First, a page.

3. So why are people offended?
"The racial implications of who is coming into the United States and having 'anchor babies' is offensive," said Madeline Hsu, a professor at the University of Texas at Austin and an expert on Asian-American history.
And Rep. Judy Chu of California, who chairs of the Congressional Asian Pacific American Caucus, and Rep. Grace Meng of New York, said Tuesday in a call with reporters that Bush's remarks were "derogatory and offensive."
The congresswomen took particular issue with what they said was Bush pitting "one group against the other."
There are also broader political implications for Asian-Americans as they watch the Republican Party debate the divisive issue of immigration.
"There seems to be very little effort to mobilize the Asian-American vote," said Erika Lee, the director of the Immigration History Research Center at the University of Minnesota. "So to have Asian-Americans enter into this debate as potential 'anchor babies' is -- people feel like it represents the disregard that politicians have for Asian-Americans."
4. Will there be lasting political damage?
The Republican Party has been focused on broadening its appeal to the Hispanic community in recent years, but there hasn't been the same concerted effort to make inroads with Asian-American voters.
While they are a rapidly growing segment of the population, Asian-Americans make up only about 3% of the total U.S. vote compared to about 10% for Latinos, according to pollsters.
Asian-Americans have leaned Democratic in the last two presidential elections: In 2008, Obama won 62% of Asians, then 73% four years later.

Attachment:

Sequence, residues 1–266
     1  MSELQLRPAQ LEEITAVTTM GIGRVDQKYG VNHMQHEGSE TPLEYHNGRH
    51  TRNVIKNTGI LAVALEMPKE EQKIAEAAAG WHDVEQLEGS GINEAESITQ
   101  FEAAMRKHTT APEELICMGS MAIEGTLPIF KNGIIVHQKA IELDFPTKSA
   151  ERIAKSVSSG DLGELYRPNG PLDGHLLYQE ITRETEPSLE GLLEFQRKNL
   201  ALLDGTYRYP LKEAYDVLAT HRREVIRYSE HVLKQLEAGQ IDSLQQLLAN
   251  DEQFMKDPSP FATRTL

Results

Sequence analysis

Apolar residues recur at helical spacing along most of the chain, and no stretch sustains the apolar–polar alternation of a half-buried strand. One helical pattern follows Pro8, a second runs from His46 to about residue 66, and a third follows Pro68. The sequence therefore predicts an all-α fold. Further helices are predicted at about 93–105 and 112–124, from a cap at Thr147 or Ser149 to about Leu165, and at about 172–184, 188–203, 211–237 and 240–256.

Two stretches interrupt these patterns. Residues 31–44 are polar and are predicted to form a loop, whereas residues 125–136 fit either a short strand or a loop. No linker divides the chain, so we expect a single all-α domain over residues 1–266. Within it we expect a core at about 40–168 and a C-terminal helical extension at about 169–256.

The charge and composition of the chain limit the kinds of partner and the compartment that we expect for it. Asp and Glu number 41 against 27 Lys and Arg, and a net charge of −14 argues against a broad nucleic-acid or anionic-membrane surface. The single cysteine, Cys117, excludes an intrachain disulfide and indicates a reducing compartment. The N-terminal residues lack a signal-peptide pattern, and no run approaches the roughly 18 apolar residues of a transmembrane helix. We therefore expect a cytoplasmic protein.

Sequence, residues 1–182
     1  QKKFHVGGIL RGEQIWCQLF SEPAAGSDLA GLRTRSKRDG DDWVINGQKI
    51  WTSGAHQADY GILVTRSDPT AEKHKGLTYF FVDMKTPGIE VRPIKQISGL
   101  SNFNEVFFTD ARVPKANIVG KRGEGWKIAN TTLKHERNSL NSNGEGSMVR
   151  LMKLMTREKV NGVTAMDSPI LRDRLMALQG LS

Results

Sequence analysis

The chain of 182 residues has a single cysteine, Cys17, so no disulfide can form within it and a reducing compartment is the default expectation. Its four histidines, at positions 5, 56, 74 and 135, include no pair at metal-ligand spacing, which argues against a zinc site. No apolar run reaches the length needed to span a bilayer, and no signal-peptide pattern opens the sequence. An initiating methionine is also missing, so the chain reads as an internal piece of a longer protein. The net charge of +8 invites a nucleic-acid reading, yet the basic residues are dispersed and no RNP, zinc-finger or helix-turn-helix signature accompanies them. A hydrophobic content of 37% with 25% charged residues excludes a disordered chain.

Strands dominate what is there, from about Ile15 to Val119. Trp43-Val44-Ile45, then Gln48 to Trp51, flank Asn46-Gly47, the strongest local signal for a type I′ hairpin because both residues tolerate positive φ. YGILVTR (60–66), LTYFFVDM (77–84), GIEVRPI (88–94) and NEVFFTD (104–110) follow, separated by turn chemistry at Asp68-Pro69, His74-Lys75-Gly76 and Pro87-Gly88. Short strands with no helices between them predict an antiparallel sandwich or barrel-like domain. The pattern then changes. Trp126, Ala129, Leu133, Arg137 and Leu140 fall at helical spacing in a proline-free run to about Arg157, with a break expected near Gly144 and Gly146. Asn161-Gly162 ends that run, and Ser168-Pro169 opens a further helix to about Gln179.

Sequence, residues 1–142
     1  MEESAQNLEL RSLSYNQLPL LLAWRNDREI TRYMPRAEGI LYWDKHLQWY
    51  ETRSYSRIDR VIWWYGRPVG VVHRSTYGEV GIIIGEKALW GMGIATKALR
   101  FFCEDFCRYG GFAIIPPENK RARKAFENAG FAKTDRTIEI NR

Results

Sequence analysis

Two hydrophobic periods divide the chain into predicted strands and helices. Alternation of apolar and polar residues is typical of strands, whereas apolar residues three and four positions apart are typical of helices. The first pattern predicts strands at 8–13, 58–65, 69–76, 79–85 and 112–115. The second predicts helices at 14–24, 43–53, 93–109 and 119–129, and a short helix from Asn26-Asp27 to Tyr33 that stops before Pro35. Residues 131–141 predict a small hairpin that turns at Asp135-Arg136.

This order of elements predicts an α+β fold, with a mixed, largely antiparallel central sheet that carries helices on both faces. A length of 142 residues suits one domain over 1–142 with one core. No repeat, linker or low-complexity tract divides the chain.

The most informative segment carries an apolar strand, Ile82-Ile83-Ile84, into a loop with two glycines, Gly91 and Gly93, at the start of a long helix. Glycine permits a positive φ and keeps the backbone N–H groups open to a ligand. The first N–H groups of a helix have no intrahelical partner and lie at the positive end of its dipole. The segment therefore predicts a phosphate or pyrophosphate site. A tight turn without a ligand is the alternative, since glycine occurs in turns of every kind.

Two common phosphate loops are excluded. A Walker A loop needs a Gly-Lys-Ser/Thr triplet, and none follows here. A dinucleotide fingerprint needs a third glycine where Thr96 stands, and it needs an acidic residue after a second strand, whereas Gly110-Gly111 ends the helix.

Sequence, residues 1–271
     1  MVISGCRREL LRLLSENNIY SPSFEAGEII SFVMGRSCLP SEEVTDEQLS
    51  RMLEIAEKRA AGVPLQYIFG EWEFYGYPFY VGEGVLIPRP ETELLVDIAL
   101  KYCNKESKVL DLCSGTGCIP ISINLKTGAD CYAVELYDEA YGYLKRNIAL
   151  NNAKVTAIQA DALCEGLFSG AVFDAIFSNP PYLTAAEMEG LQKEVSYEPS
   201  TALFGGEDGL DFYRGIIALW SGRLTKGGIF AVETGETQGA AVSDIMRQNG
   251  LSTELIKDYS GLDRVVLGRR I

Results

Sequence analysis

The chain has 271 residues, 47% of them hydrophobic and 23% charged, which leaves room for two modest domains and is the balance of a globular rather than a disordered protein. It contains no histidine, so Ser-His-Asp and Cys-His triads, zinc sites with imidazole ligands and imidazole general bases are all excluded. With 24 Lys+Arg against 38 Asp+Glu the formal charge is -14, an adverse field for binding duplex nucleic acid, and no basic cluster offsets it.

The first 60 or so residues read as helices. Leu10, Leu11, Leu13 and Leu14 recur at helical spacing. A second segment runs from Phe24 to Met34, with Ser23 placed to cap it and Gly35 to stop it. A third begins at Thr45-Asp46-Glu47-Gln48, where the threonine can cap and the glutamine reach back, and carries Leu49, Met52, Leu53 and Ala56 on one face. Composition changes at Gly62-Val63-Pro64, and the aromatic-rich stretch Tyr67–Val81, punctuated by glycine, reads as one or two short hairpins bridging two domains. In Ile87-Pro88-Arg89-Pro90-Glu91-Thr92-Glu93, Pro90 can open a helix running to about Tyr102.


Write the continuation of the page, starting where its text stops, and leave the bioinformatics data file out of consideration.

Fred Yang, a Democratic pollster at the Garin Hart Yang Research Group, said Bush's comments about Asian "anchor babies" will do little to boost the GOP's image among Asian-Americans.
"Of course it is offensive that he would use this to impugn Asian-Americans," Yang said. "But I also think he's in as much trouble for his original comments about Latinos, then trying to explain it away by criticizing Asians."
Jason Chung, the director of Asian Pacific Americans Engagement for the Republican National Committee, which does not endorse a candidate in the GOP presidential primary, said in an email that the party is "committed to engaging all voters in all communities across the country," and that competing for the Asian-American vote is a "top priority."
5. Is there any effort to stop "maternity tourism"?
There has been a recent spate of crackdowns on the "maternity tourism" industry in the United States, particularly in California, believed to be a popular destination for foreign nationals coming to the U.S. to give birth.
In March, federal agents raided dozens of "maternity hotels" in Southern California believed to have housed mostly women from China.
U.S. Immigration and Customs Enforcement said women paid tens of thousands of dollars for lodging at these maternity homes. The ongoing challenge for authorities and experts who study immigration is the lack of data on just how widespread the trend is -- and where in the country this practice may be taking hold.
"It's unclear how large a trend this is, how common it is and whether the federal government crackdown on it has fully addressed this situation," said Lee.